Whenever I make these burritos they remind me of my late father and can still picture him as he cooked up the burritos and smiled. I suspect his burritos weren’t just filled with potatoes, bacon and cheese. They were also filled with love.
Not only do I love to write, but love to cook Mexican food. Several people have enjoyed my family recipes on this blog, and here is one more.
One is quick and easy or one, not so quick. Both pretty damn good.
Quick and easy
Chop onion into small pieces.
Grate a bunch of yellow cheese (I know it has fat, but it is the best)
For filling you can use most anything. My favorite is chicken, but don’t let me sway you. Beef is also good. Ground or a slow roasted until shredded.
Spray oil in a pan and lightly cook corn tortillas until soft.
In the middle of your tort, place a generous helping of cheese, onions and your meat. (Or even more cheese if you just want cheese enchiladas.
Heat up canned red or green enchilada sauce (canned red is better in my humble opinion)
Pour over your enchiladas, scattered more cheese and bake until bubbling.
Here is the hard one, but even better.
Peel, wash and cook about ten tomatillos, a staple of Mexican cooking. Put tomatillos in blender, throw in fresh cilantro and puree.
In a saucepan, add the tomatillo sauce, minced onion, chicken stock. Salt and pepper to taste. For the daring at heart, add cut up green chilies. Thicken with flour or corn starch.
Use this instead of the canned stuff. It will make your toes curl.
Both dishes are even better heated up.
Manuel’s Chicken Tacos
When we were kids, my sister and I would have contest to see how many of Dad’s chicken tacos we could eat. They were that good.
But I must warn you, these tacos are not for those cutting fat. That is unless you use olive oil and don’t eat anything else all day.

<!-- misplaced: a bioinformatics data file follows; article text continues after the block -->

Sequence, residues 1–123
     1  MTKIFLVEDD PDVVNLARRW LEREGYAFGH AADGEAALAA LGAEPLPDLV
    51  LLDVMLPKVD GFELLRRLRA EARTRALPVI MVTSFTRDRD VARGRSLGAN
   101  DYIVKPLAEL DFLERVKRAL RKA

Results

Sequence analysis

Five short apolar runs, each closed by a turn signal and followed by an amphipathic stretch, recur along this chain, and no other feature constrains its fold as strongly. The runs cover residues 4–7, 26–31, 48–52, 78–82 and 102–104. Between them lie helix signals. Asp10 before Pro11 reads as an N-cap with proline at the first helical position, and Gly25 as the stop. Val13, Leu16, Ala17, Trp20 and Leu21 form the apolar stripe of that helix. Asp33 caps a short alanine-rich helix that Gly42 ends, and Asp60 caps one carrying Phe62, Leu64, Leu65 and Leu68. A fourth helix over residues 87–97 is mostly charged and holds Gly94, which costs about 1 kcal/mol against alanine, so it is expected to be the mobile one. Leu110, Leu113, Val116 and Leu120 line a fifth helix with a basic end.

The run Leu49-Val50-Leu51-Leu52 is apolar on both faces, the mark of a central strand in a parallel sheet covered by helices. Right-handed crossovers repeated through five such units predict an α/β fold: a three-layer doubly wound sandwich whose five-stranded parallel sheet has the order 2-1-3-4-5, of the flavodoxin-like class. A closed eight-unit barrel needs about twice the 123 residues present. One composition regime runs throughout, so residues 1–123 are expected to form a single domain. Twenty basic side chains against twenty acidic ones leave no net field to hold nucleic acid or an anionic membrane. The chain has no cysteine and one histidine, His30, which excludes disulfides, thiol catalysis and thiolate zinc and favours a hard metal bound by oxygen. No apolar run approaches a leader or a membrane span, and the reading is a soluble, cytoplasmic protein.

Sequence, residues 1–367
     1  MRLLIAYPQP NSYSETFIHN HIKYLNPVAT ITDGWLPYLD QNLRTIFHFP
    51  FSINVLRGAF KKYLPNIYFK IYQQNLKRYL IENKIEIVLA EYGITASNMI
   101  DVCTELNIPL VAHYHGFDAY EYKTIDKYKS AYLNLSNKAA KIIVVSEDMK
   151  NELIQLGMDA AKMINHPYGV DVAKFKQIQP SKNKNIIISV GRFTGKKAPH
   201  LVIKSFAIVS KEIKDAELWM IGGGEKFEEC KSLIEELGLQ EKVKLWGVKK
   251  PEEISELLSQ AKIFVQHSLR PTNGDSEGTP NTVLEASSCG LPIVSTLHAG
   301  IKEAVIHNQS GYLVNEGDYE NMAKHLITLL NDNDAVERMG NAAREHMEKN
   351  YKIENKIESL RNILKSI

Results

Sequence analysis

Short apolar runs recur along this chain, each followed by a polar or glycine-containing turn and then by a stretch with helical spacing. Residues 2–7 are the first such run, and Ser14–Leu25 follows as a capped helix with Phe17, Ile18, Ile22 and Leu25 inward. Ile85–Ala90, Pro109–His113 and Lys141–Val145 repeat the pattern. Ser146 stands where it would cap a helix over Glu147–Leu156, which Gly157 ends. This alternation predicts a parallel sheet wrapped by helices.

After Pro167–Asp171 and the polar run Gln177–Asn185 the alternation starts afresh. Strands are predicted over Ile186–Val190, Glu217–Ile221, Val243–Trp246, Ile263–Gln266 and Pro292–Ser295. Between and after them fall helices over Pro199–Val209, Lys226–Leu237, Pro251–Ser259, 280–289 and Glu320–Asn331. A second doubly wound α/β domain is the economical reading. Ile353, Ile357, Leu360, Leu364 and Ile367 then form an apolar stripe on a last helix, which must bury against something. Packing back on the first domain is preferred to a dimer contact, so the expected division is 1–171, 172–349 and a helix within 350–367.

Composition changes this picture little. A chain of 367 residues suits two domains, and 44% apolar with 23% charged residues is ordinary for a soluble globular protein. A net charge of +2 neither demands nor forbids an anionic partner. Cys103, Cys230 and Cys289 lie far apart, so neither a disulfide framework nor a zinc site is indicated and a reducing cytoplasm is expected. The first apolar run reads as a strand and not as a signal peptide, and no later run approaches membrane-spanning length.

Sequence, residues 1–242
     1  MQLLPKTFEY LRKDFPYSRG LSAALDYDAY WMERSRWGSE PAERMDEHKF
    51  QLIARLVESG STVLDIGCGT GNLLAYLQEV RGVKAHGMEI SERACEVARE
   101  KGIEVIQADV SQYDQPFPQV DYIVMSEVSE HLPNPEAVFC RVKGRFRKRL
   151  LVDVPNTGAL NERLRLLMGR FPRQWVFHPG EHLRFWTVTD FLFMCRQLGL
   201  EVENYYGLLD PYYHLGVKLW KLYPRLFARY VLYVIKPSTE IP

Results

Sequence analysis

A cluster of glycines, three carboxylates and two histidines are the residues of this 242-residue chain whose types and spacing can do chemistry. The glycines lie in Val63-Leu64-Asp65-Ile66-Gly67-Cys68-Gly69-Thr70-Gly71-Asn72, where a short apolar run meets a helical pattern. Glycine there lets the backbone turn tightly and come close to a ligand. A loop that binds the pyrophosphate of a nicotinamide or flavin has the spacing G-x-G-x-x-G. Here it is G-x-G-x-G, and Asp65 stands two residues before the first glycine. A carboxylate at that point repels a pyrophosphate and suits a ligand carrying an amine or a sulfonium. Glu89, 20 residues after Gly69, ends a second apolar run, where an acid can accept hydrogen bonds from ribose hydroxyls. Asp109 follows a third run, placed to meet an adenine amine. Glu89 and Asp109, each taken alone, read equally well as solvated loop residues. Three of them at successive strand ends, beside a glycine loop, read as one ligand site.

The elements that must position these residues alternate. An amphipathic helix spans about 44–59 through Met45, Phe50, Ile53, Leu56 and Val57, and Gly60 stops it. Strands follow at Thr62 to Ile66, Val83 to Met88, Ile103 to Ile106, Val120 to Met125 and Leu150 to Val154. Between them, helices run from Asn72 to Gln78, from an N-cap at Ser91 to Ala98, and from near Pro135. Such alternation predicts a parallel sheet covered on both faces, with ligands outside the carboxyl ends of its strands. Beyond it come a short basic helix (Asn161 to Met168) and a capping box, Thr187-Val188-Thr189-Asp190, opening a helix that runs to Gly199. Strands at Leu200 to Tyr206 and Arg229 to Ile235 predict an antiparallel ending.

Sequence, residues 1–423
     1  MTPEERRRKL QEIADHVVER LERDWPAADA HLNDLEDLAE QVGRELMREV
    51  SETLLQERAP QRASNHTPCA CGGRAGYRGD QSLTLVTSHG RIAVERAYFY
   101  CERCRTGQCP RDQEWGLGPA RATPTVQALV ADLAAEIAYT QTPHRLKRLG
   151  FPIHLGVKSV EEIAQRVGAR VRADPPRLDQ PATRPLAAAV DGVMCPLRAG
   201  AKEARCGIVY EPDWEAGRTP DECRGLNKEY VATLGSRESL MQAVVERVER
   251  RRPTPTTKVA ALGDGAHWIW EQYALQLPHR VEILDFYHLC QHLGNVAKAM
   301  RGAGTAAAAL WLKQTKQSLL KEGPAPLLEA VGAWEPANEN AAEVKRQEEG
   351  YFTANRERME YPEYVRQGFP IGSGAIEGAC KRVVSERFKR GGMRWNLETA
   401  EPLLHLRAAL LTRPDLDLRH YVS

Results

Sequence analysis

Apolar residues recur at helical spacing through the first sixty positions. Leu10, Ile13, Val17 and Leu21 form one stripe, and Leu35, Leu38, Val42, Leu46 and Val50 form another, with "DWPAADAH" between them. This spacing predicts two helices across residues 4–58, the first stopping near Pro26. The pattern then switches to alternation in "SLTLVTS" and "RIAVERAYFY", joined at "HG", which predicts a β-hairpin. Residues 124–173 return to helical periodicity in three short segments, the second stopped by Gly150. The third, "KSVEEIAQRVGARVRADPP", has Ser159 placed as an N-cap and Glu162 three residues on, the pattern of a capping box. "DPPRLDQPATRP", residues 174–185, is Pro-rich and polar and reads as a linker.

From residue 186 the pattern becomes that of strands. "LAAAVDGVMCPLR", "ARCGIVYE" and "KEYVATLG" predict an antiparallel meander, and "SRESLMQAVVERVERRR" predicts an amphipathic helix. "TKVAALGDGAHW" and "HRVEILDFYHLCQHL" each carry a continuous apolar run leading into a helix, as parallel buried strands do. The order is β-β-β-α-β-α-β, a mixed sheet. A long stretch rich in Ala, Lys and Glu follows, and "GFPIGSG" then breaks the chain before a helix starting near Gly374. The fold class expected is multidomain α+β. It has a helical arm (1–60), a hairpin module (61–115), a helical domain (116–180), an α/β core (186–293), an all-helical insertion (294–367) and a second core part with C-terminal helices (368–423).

OK here goes.
Boil chicken (breasts are fine, but thighs are better because the meat is more tender)
Heat your oil until you dip in the tip of a corn tortilla and it sizzles. Add a good dallop of cooked chicken to the middle of the tortilla and deep fry until the tort browns a little on both sides. Drain (I warned you this is not the stuff of low fat)
To your taco, add shredded yellow cheese and finely chopped lettuce, top it off with Santos Salsa, the recipe of which is also found on this page.
Enjoy and I bet you too will have a taco eating contest.
Mexican Bread pudding
This is one of our family’s favorites.
Take a loaf of bread. (yes you can use wheat and I even have used week old bread)
Toast it in the oven until it is nice and toasted. Set aside.
Boil two cups of water with two to three cinnamon sticks until you have cinnamon tea, add in brown sugar to suit your taste. Throw in a half a box of raisins. (more if you like raisins).
Grease a pan with butter.
Tear pieces of the bread and create a layer in the pan. Sprinkle on grated mild cheddar cheese. Toss on peanuts, and ladle on some raisins.
Create a second layer.
Pour the cinnamon tea mixture until the bread is pretty moist. And add some cheese on top. Bake for 20 to 25 minutes.
Best served hot.